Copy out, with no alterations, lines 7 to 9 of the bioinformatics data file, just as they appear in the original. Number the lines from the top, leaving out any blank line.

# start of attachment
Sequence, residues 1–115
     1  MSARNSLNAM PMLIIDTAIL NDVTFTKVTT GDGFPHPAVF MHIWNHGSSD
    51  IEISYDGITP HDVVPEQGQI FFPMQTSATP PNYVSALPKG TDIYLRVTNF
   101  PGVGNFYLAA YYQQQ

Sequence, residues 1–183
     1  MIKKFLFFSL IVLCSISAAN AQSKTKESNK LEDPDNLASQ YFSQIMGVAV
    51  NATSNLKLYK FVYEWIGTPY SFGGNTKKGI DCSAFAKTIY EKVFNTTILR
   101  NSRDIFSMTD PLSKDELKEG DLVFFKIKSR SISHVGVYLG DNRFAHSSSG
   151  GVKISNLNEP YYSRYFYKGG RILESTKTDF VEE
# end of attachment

    51  NATSNLKLYK FVYEWIGTPY SFGGNTKKGI DCSAFAKTIY EKVFNTTILR
   101  NSRDIFSMTD PLSKDELKEG DLVFFKIKSR SISHVGVYLG DNRFAHSSSG
   151  GVKISNLNEP YYSRYFYKGG RILESTKTDF VEE